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The Woman Modernizing the World of Hospitality

By Jennifer Flowers

Nov 1, 2016

From the November/December 2016 issue

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Rosewood London, housed in a 1914 Edwardian building and designed by Tony Chi and Associates, opened in 2013. 

Courtesy of Rosewood London

Rosewood London, housed in a 1914 Edwardian building and designed by Tony Chi and Associates, opened in 2013. 

The young leader of Rosewood Hotels and Resorts is reinterpreting hospitality for the modern traveler.

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She has slept in an ocean-facing villa in Mexico and in a tiny yurt in Inner Mongolia. She fell in love with foie gras in Paris, and also knows where to find the best beef brisket noodles in Hong Kong. With her thirst for the authentic—along with an eye for the finer things—Sonia Cheng, 34, embodies today's discerning international traveler. And that’s the kind of hotel guest she’s attracting as the CEO of Rosewood Hotels and Resorts, a five-star brand that will grow to 40 properties in the next four years.

"Today's ultra-luxury traveler—regardless of age, gender, or background—is less concerned with opulence and pampering, and more concerned with value, authenticity, and truly local experiences," Cheng says.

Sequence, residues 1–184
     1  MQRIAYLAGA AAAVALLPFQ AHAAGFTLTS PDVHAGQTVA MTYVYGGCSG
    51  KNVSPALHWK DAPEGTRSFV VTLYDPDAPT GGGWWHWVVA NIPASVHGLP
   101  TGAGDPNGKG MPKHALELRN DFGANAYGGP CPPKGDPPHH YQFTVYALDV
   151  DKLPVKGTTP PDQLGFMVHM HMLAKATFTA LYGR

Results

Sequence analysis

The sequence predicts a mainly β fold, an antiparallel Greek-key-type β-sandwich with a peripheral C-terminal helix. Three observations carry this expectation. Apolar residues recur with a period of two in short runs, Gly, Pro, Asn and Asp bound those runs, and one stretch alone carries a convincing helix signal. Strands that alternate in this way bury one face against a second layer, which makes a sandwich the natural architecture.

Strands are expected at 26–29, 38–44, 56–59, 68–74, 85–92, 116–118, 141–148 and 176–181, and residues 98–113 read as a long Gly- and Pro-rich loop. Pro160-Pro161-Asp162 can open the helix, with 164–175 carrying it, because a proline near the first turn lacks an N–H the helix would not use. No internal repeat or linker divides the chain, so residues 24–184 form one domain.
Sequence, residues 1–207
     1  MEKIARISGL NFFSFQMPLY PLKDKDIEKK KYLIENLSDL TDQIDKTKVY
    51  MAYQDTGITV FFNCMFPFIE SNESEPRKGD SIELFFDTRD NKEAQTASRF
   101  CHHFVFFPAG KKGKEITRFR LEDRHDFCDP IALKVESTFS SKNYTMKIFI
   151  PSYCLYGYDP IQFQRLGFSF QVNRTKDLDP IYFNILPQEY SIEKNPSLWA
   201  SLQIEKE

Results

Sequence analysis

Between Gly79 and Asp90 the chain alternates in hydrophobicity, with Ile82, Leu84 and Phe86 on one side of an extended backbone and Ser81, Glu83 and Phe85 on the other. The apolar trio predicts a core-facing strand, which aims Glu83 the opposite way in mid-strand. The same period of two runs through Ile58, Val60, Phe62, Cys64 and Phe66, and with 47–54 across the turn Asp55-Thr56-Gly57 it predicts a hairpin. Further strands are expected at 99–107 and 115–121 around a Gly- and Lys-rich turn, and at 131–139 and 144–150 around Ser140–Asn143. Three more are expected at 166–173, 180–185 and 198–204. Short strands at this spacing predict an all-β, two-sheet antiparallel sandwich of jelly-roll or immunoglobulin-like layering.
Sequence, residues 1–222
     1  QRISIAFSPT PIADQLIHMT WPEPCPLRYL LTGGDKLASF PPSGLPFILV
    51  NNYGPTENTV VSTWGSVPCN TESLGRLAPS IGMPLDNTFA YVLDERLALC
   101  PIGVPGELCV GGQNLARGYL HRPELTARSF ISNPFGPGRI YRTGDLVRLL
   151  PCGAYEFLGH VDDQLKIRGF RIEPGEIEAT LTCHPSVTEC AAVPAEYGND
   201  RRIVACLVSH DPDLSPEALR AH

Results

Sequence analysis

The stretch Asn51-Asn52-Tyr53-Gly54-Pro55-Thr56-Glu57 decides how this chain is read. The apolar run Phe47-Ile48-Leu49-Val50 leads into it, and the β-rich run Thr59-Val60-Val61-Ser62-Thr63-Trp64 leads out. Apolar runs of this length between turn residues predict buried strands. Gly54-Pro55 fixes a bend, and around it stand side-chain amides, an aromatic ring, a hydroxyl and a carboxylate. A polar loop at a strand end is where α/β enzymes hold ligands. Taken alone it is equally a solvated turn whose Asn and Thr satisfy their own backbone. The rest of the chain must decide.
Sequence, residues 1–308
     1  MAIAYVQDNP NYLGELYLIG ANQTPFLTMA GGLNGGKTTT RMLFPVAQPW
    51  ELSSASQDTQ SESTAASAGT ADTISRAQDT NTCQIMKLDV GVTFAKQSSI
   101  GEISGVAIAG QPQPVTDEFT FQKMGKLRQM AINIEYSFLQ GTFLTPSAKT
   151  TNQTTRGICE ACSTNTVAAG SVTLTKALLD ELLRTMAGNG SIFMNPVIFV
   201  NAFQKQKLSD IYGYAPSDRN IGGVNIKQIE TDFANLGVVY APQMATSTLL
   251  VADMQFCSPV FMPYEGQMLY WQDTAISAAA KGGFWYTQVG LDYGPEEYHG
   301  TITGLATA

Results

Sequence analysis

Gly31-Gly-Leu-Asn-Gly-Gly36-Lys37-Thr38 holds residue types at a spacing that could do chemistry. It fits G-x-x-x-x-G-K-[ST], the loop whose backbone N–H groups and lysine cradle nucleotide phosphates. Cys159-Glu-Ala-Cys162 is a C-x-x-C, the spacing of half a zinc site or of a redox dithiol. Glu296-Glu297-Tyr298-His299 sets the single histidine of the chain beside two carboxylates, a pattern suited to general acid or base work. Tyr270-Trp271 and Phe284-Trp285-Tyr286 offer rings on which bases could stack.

Sonia Cheng
As part of her brand revamp, which she calls A Sense of Place, the new Rosewood Beijing’s Red Bowl restaurant serves humble Chinese hot pot fare; in Vancouver, the general manager of the Rosewood Hotel Georgia leads cycling tours; and Pearl, a golden retriever welcomes guests to the Rosewood London. Cheng intends to weave touches such as these into all of Rosewood’s new hotels, no matter how pedigreed (the restored iconic Hôtel de Crillon in Paris debuted in 2017) or remote (a riverside retreat near Luang Prabang, Laos, also opened in 2017).

What you won’t see is formal, white-glove service or stuffy dining rooms. And despite being a member of the digitally savvy millennial generation, Cheng still puts human relationships first. "A personal  touch—whether it be an excellent concierge, a yoga teacher, or a chef—is often the defining detail of a luxury experience," she says, "particularly as the culture of constantly being 'plugged in' becomes more pervasive than ever before."

>>Next: Meet the Man Who Wants to Help Travelers Break Through Barriers

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